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June 06, 2022
High on History: Victorian Medical Marijuana and the Doctors Who Brought It to Europe


Although many of us think of “medical marijuana” as a modern phenomenon, the truth is that cannabis was recognized as a clinical remedy long before it was ever associated with hippie counterculture. In fact, cannabis was first introduced to the modern West as a medicine, by doctors who brought it to Europe in the 1800s—prescribing it as a treatment for coughing, joint pain, muscle spasms, and many other ailments for which it’s still prescribed today.

In the Victorian era, medical cannabis’s two great champions were French psychiatrist Jacques-Joseph Moreau and English doctor Sir William Brooke O’Shaughnessy. Both were globe-trotting experimenters who’d witnessed the plant’s healing properties in lands like India, Syria, and Egypt. More importantly for history, both were also licensed physicians who healed patients using cannabis—and introduced the plant into Europe’s medical literature as a clinically proven remedy.

Today, however, Victorian Europe’s medical weed movement has been largely forgotten, along with the doctors who brought it to life. So let’s take a trip back to the 1800s, and join Moreau and O’Shaughnessy in discovering the marvels of clinical cannabis.

The genius in exile

At first glance, William O’Shaughnessy looks like the last person you’d expect to introduce cannabis to Victorian England. A scientific whiz-kid, he earned his M.D. at just 20 years old, and was discovering brand-new treatments for cholera by age 22. This rising medical star married into a respectable family, and he and his wife soon headed to London, where he planned to secure a comfortable job as a university professor. 

But life had other plans for the young doctor. To O’Shaughnessy’s shock, he failed to find work in London—and, scrambling to support himself and his wife, he signed on for a tour of duty with the British East India Company. Half a world away in sweltering Calcutta, O’Shaughnessy became fascinated by botanical pharmacology, the study of plant medicines—particularly cannabis, which had been used as a clinical remedy in India for thousands of years.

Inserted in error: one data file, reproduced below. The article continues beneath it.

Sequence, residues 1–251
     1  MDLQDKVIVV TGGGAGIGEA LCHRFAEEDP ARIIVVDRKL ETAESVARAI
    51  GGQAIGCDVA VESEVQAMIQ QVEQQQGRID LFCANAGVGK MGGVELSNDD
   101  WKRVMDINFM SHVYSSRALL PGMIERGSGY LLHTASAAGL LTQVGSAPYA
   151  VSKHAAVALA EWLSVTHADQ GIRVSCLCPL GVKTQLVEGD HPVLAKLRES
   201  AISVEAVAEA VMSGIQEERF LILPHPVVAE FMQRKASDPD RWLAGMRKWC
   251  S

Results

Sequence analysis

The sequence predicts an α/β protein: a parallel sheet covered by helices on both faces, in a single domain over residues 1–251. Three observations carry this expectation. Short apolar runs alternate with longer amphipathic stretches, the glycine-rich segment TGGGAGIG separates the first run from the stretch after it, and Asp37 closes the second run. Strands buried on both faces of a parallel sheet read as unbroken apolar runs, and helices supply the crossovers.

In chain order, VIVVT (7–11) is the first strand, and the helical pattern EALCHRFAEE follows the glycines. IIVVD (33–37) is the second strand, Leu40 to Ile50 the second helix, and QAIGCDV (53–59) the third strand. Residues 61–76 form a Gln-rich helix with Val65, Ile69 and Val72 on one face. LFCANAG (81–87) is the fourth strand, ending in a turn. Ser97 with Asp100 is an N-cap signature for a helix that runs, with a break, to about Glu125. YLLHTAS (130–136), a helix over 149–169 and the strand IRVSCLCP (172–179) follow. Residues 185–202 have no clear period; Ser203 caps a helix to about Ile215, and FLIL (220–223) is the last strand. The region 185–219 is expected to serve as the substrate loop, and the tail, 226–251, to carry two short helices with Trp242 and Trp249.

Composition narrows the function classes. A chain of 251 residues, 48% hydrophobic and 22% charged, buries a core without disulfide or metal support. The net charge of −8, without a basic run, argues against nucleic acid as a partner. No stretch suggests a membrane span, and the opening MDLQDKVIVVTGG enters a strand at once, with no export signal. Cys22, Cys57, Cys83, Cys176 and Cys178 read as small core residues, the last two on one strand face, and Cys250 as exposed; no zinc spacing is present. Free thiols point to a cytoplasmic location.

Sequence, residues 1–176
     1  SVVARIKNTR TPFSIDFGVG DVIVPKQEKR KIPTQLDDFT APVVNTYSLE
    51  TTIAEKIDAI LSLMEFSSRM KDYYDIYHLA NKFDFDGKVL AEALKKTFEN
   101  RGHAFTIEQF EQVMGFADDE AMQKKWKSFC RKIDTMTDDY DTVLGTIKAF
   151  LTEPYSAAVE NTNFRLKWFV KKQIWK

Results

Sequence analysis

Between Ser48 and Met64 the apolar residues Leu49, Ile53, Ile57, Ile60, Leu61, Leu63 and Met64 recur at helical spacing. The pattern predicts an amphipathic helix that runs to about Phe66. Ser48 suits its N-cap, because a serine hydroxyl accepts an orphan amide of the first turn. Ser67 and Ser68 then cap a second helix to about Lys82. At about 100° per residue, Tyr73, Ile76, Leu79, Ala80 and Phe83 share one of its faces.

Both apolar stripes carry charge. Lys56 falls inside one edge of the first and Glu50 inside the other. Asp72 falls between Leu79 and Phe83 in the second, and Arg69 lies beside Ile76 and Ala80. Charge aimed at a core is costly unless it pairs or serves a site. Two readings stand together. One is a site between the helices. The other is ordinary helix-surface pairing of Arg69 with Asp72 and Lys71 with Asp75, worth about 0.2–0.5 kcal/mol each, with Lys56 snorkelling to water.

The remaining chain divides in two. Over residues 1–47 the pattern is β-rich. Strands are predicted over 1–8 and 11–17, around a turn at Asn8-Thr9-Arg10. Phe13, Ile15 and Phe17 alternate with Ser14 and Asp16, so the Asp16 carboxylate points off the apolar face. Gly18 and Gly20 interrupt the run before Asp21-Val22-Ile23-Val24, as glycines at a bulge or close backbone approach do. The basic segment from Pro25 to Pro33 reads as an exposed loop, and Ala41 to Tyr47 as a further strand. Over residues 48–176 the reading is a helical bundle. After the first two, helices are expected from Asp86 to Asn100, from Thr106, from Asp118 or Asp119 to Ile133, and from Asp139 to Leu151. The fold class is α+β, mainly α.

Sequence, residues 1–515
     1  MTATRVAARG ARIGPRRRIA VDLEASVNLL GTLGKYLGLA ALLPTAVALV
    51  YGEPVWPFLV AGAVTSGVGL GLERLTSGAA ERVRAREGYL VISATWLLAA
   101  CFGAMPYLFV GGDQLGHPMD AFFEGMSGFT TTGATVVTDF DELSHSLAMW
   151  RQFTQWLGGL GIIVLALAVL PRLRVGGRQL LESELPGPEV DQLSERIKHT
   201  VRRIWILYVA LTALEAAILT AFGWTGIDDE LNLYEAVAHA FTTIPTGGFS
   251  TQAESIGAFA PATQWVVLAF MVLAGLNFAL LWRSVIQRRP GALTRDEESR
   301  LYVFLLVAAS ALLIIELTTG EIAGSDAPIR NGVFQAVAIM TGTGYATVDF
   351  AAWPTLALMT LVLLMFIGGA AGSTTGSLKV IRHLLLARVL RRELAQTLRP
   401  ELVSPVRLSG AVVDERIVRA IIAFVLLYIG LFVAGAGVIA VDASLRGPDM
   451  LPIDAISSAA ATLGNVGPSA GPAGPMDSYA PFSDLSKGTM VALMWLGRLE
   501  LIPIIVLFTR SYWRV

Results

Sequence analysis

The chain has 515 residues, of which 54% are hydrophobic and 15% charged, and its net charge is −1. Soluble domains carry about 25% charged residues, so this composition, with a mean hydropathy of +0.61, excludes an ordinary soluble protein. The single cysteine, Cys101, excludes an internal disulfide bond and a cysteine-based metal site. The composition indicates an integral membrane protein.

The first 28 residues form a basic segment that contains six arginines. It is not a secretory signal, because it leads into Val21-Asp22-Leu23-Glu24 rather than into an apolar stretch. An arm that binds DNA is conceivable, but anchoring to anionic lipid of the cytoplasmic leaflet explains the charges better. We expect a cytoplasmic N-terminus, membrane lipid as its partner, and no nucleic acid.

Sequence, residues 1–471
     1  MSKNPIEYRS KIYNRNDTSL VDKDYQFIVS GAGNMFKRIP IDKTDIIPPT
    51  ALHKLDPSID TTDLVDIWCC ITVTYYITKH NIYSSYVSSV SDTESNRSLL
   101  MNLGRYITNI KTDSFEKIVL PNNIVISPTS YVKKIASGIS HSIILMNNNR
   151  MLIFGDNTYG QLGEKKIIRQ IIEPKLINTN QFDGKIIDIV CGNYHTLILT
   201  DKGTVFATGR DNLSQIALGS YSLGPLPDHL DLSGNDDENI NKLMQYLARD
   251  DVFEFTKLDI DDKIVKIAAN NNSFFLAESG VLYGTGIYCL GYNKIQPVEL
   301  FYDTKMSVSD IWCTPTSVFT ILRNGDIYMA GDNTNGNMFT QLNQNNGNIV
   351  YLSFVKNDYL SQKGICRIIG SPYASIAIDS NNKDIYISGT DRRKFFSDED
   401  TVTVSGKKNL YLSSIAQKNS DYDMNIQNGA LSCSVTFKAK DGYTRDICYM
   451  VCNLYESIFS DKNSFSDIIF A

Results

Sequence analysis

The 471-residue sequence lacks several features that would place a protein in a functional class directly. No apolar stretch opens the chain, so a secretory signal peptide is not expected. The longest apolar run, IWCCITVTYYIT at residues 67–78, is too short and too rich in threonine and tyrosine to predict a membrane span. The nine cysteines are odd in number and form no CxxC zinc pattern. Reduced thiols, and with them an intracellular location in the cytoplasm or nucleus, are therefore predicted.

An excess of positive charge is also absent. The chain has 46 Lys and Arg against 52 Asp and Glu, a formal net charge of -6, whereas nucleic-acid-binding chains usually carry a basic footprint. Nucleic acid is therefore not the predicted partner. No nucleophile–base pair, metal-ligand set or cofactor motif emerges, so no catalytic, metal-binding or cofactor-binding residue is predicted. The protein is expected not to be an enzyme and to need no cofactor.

Drawing on ancient Indian medical traditions, O’Shaughnessy successfully used cannabis to treat arthritis pain, as well as convulsions caused by tetanus. In 1838, he authored one of the first modern scientific papers on medical cannabis: "Case of Tetanus, Cured by a Preparation of Hemp (the Cannabis indica)." Encouraged by these early successes, the doctor helped set up a botanical garden in Calcutta, where he developed cutting-edge techniques of high-grade cannabis cultivation.

Three years later, O’Shaughnessy returned to England; this time as a respected scientific authority. He introduced cannabis gardens to Europe, and continued to publish papers on the plant’s effectiveness as a medical therapy. Along the way, he also helped engineer England’s telegraph system—earning himself a knighthood from Queen Victoria in 1856. In fact, the straitlaced queen herself received a cannabis prescription (for menstrual cramps) in 1890.

However, O’Shaughnessy wasn’t the only Victorian doctor to champion medical cannabis. While he was hard at work in India, others were discovering the plant’s powers for themselves.

The explorer of inner realms


Though the French psychiatrist Jacques-Joseph Moreau was just five years younger than O’Shaughnessy, the two men could hardly have been more different in temperament. While O’Shaughnessy pursued his button-down dreams of London respectability, Moreau was tramping around the “exotic Orient”—which, in those days, meant places like Egypt and Syria. There, the young doctor became intrigued by the altered mental states cannabis could evoke.